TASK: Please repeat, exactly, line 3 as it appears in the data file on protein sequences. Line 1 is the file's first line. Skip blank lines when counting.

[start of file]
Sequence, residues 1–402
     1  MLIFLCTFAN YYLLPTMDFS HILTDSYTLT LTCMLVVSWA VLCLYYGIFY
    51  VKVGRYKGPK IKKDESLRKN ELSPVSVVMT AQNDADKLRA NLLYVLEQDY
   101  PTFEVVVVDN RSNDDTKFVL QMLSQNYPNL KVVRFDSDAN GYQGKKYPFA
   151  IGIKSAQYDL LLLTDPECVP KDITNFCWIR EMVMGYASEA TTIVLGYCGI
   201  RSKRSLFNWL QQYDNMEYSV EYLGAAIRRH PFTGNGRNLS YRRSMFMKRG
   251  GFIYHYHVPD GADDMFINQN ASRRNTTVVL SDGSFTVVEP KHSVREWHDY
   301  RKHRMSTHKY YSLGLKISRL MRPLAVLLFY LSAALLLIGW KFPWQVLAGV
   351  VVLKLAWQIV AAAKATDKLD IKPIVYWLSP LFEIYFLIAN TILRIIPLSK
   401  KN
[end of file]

    51  VKVGRYKGPK IKKDESLRKN ELSPVSVVMT AQNDADKLRA NLLYVLEQDY